Whales. I have to admit when it was decided that San Francisco was our next destination I wasn’t thrilled about it. Sure, it had the bridge and the house where Uncle Jesse lived and the crooked street and all, but really, what the hell was there to do?

Whales.

It was May when I reluctantly booked the tickets for everyone -- me, Jen, Aimee and Dana -- the original quartet from Chicago, the first city Gutenberg ever traveled. And I bitched about it because that’s what I do, and they ignored me because that’s what they’re good at, and we all forged ahead.

The day before we left, someone mentioned something about seeing sea lions on Pier 39. Sea lions, you say? Being a Bronx-born city girl myself, I had never seen animals in their natural habitat, save for a few pigeons and friendly squirrels. Seeing these aquatic mammals up close was an intriguing notion to me. What else could Pier 39 have?

   Trampolines!

   Mirror houses!

   Aquariums!

   WHALES?!?!?

"Learn about the wildlife of the SF bay while experiencing breath-taking views of the Golden Gate Bridge, Alcatraz and more", the ad said next to a photo of a humpback whale jumping out of the ocean. I had never even gone to Sea World before; seeing whales in the ocean on the same day as SEA LIONS, that would be incredible!

Unfortunately, upon my discovery, no tickets were left for the shorter, less expensive two-hour tour, leaving us with only the five-hour one as an option. And really, who wants to spend that much time looking for whales?

Me.

 

Jen.

 
Dana.

Not Aimee.

Aimee didn’t see the fun in being out at sea for an extended period of time and spending $65 to do so. It would be boring and a waste of all our energies, she said. She was outvoted immediately. Whale-watching!

With our boat booked and our bags packed, we all got ready for our 7am flight and 4am drive to the airport by…

- seeing Broadway shows the night before

- causing power outages with high voltage hair dryers

and

-trying to delete shows off of TiVo to make room for an entire week’s schedule.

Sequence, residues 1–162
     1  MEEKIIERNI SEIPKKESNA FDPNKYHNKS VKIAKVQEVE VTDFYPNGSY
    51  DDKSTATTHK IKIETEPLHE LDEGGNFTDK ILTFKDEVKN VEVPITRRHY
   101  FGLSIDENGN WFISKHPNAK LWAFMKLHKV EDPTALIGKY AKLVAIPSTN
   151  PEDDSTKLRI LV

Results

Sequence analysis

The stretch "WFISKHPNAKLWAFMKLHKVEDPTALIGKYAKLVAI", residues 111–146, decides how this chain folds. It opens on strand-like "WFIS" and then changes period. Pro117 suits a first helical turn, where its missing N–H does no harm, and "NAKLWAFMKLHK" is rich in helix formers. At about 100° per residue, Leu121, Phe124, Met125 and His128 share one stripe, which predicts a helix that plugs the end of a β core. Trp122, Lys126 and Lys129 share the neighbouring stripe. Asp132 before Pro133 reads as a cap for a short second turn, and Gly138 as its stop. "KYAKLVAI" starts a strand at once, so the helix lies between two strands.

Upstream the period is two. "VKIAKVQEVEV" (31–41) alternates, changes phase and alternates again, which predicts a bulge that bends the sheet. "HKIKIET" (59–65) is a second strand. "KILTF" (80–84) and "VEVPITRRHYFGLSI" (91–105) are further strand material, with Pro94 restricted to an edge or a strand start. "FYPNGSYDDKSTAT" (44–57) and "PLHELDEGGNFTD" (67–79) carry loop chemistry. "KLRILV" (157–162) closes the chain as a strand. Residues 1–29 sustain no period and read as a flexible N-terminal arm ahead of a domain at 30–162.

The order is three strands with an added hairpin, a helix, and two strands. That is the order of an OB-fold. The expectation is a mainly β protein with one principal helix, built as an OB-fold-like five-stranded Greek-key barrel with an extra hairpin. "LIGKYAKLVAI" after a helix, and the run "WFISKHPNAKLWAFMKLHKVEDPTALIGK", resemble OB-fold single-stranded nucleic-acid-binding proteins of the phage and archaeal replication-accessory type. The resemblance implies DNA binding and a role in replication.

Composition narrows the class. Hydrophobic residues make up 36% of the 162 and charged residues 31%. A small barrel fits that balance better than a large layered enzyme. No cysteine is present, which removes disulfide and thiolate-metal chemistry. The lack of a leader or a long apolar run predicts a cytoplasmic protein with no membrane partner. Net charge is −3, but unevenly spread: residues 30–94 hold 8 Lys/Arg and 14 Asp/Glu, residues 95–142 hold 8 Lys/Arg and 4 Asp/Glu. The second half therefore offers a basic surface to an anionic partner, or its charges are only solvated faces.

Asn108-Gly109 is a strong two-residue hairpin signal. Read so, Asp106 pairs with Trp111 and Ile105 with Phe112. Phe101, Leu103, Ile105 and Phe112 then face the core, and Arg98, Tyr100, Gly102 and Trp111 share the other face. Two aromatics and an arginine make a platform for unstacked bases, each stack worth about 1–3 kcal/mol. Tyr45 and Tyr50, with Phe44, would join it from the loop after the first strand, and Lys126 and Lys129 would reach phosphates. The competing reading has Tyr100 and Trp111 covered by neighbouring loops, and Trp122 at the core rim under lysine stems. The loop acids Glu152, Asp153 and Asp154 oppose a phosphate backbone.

At 4am, people were tired. WHALES!

Luckily, no catastrophes happened going through security and by 7:15, we were in the air, me having a minor panic attack about flying, while everyone else fell asleep or watched the World Cup.

Now, here’s a tip that might be helpful to some of you non-frequent flyers: No matter what goal the US may be on their way to scoring in a competition with whatever country they‘re playing against, yelling, “SHOOT IT!” in a crowded airplane when I’ve finally managed to fall asleep is not an advisable course of action.

Thank you for my heart attack, sir.

At 10:30, we arrived in San Francisco, grabbed all of our luggage and made an important realization -- San Francisco is cold. Not brisk, put-on-a-long-sleeved-shirt-you-might-catch-a-chill type of cold, but a freezing the-wind-is-coming-at-you-and-you-may-need-a-parka-and-ski-cap kind of cold.

It is 90 degrees in New York City. Autumn weather is a shock to the system.

But on we trudged through the wind and the chill of the bay and we set up shop at the Best Western in Fisherman’s Wharf right across the street from a labor union and bus stop. Hello, San Francisco!

As we were already so close to the piers, the first thing we decided to do was of course see SEA LIONS!, who proved themselves to be an entertaining loud bunch of mammals, and then get tickets to Alcatraz.

Alcatraz proved itself to be the devil. While it may be popular among tourists and one of the main attractions of the city with its signs everywhere and endless promotion, it is not so awesome when you can’t get tickets to it EVER on ANY day you happen to be in the city.

Oh sure, we could get on a ferry and drive around it. We could buy one of several t-shirts that said “Rejected from Alcatraz Prison. TOO CUTE!“ or get a stuffed monkey trapped in a jail cell. But could we get on the island and see the insides of it? No.

Being the scheming, theater-rushing fake-student-IDing people we are, we were certain we would find some way around this -- Craig’s List, the concierge who ended up laughing in our faces, or spending ten minutes on the phone with Dan “I’m here to serve you and only you” of Alcatraz tours -- NO. There is no way around sold-out Alcatraz tickets. Find Locke and Hurley and board Oceanic 815, but you’re still not getting on that damn island.

To make up for it, here are some pictures taken from afar:

 

                                     


But fine, we still had our tickets to WHALES! and there were several other fine attractions in San Francisco that I had mapped out on Google for our viewing pleasure.

Like the Real World house!


 
The Party of Five house!
 
 
The Mrs. Doubtfire house!
 
 
The Full House house!